You can come right out and ask your teen if they think they are depressed. You can also ask if they’ve ever thought about committing suicide. Of course, your adolescent might say no even if they have, but just by putting it on the table, you’ve opened up the possibility for a conversation about it.

Remember that most suicidal teens don’t actually want to die; they want their pain to go away. Asking your teen if they have pain like this can encourage them to talk about how they’re feeling.

 

Stay Calm

If your teen does confide that yes, they are having suicidal thoughts, it’s important to stay calm. Of course, this will be very difficult to do! But if you overreact, it can cause your teen to further withdraw.

If the conversation is calm and your teen says that they have thought about it in the past, he or she is likely in no immediate danger. If, however, they say that yes, they’ve thought about it and they have a specific plan, then it is a more dangerous situation.

You will need to use your instincts and what you know about your child to know whether it is an emergency situation that requires an immediate trip to the emergency room. While you want to keep your teen safe, you also don’t want to overreact and take a calm, rational teenager to the ER because they considered suicide a few months ago.

 

Remove Potential Weapons

Even if you are convinced your teen hasn’t seriously considered suicide in some time, any chance that they might be suicidal means that you must remove anything that can be used as a weapon from his or her reach.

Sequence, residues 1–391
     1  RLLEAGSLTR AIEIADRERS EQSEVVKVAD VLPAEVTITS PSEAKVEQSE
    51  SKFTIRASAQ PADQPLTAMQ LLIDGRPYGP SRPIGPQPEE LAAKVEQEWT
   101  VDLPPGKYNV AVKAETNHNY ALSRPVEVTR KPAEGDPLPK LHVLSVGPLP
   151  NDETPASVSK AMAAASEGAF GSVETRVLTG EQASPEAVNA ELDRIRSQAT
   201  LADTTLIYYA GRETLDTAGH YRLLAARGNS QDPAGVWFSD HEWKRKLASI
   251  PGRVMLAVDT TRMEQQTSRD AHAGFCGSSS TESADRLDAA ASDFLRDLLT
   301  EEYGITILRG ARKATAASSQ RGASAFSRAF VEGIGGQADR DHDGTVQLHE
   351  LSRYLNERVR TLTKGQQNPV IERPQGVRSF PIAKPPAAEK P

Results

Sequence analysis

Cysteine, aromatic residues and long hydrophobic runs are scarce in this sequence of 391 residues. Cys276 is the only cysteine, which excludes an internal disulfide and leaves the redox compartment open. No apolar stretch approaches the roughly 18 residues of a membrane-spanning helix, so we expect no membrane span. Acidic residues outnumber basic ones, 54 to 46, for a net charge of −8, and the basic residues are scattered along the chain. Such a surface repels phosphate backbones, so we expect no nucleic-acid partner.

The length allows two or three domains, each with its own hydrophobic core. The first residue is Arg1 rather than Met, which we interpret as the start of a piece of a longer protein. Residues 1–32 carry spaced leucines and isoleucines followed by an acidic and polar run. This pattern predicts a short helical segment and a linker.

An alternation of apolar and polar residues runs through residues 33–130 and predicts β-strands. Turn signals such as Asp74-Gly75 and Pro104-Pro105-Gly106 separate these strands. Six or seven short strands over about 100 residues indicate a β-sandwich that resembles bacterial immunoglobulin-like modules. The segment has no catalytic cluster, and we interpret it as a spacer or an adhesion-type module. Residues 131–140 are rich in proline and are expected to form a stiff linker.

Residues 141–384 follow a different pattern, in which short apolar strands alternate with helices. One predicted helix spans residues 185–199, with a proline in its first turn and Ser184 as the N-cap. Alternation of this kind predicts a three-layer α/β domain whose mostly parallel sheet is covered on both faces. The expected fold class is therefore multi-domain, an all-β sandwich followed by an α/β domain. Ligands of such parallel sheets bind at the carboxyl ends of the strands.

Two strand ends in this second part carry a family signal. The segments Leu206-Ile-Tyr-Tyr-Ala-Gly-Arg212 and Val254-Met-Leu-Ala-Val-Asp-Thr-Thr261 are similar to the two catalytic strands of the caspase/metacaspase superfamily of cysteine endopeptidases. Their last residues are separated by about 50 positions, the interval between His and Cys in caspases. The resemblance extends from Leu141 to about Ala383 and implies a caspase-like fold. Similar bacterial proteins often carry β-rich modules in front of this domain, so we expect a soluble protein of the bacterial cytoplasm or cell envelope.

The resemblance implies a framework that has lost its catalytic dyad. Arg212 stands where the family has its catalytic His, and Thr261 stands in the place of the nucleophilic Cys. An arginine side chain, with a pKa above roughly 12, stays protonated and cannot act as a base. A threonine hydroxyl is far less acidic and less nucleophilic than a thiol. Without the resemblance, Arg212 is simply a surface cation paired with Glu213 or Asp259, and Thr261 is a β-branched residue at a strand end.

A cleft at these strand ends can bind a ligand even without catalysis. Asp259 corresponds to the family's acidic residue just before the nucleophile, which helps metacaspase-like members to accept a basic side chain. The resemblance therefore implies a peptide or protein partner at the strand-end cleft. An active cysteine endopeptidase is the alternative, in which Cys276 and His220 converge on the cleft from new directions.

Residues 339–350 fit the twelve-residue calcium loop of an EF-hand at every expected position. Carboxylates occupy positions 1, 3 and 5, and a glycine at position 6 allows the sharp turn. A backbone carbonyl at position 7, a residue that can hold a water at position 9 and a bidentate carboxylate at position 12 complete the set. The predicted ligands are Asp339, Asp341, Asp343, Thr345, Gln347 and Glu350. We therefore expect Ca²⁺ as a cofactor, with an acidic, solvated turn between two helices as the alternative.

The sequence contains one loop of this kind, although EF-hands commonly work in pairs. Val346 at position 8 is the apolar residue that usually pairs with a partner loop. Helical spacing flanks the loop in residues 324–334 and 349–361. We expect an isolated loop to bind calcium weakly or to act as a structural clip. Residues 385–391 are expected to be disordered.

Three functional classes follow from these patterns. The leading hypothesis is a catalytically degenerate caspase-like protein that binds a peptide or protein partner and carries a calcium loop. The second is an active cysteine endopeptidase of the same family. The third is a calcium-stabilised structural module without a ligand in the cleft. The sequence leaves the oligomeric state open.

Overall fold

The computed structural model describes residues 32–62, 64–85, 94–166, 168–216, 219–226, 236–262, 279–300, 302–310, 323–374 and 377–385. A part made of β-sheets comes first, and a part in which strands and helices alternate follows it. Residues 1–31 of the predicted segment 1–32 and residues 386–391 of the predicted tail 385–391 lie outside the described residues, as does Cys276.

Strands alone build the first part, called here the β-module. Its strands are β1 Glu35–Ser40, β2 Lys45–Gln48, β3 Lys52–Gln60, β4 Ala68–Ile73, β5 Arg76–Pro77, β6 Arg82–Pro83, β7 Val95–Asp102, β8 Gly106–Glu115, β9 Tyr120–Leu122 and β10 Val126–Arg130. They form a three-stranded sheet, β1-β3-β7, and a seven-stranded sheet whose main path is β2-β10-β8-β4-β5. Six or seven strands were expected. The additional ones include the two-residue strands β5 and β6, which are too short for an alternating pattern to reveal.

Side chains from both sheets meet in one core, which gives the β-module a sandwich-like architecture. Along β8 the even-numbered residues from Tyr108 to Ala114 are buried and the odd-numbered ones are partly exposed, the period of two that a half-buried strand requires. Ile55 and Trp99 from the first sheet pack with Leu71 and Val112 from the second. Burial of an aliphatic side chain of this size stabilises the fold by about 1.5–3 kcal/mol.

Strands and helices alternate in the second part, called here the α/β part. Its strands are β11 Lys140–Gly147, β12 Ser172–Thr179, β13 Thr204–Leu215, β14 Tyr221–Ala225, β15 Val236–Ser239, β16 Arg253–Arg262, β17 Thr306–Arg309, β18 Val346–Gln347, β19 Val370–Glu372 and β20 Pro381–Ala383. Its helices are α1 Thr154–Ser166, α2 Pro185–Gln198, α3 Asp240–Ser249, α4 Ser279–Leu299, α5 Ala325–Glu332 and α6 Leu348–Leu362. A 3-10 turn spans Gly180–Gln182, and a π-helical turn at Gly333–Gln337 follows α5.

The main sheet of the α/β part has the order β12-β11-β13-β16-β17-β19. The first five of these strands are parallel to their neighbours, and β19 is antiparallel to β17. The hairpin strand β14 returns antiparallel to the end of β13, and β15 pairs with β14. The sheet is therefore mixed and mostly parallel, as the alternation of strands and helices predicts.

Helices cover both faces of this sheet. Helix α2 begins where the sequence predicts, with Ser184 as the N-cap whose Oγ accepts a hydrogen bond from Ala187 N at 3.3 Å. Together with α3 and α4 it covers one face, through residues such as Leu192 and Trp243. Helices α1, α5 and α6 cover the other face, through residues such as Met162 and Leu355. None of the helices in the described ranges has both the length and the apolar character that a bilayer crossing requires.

This means that if you have guns in the house, you might consider getting rid of them or at least changing where you keep the keys. (Your teen likely knows how to get into the gun cabinet.) If they are not currently locked up, do this immediately.

Look through your medicine cabinet to see if there’s anything your teen might try to overdose on and lock up those medications, too. Place large knives in a locked drawer or cabinet, too.

 

Seek Professional Help

An important way to keep your teen safe from suicidal thoughts is to seek professional help. If you suspect that they are depressed, make an appointment with their primary care doctor. They will refer you to a mental health professional. If they already have a therapist, call them and talk to them about the next steps. Sometimes, inpatient treatment is recommended.

If you believe your teen is in immediate danger, don’t be afraid to go to the nearest emergency room. You can also call 911 or the National Suicide Prevention Lifeline at 1-800-273-8255.

The most important thing is keeping your teen safe; once they’re in a safe place, their mental health needs can be addressed.

If your teen has had suicidal thoughts, don’t feel as though all hope is lost. Many people who are still alive and well today have gone through these feelings. Support and proper mental health care  help your teen get past this difficult time and thrive as they enter adulthood.